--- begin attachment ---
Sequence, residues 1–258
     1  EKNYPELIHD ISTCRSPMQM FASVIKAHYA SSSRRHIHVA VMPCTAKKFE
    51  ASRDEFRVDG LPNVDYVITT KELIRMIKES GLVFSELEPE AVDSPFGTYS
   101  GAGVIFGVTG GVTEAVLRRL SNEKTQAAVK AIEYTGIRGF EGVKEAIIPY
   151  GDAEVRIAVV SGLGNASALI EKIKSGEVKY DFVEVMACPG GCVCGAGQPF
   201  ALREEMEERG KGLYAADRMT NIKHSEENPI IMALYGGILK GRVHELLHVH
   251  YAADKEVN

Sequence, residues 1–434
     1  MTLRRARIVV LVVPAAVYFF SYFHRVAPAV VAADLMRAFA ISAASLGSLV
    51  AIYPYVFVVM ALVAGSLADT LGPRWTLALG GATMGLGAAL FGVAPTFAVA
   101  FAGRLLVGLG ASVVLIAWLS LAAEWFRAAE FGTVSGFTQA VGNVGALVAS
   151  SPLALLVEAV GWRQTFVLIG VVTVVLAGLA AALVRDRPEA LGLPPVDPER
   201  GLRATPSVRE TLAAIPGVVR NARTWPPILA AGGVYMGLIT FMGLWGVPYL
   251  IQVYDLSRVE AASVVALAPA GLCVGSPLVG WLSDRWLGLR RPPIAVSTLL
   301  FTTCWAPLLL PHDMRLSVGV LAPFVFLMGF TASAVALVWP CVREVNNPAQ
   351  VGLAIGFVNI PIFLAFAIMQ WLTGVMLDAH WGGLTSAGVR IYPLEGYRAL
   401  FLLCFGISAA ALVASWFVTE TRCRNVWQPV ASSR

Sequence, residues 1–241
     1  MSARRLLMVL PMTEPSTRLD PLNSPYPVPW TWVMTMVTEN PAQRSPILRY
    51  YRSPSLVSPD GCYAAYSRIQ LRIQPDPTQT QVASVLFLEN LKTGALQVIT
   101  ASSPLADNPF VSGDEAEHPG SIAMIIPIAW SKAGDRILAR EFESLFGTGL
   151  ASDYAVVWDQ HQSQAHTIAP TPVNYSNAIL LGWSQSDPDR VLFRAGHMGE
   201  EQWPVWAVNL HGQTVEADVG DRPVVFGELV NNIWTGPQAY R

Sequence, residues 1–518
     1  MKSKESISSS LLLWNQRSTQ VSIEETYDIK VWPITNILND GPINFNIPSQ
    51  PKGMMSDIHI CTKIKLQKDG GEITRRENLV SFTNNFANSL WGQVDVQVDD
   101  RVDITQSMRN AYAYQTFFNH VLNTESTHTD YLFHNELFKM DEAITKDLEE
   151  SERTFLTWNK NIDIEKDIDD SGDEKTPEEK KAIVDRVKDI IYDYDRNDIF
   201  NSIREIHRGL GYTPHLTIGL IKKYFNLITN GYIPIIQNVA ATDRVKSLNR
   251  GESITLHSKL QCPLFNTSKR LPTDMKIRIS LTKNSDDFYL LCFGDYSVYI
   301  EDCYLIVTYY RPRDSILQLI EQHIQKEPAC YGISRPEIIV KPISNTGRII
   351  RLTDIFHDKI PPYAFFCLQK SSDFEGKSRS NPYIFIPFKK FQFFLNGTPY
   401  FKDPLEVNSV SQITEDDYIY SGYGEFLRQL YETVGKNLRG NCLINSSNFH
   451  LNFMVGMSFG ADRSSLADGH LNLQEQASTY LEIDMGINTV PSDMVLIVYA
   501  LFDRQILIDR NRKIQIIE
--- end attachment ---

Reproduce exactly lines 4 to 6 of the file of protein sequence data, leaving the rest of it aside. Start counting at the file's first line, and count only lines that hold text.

   101  GAGVIFGVTG GVTEAVLRRL SNEKTQAAVK AIEYTGIRGF EGVKEAIIPY
   151  GDAEVRIAVV SGLGNASALI EKIKSGEVKY DFVEVMACPG GCVCGAGQPF
   201  ALREEMEERG KGLYAADRMT NIKHSEENPI IMALYGGILK GRVHELLHVH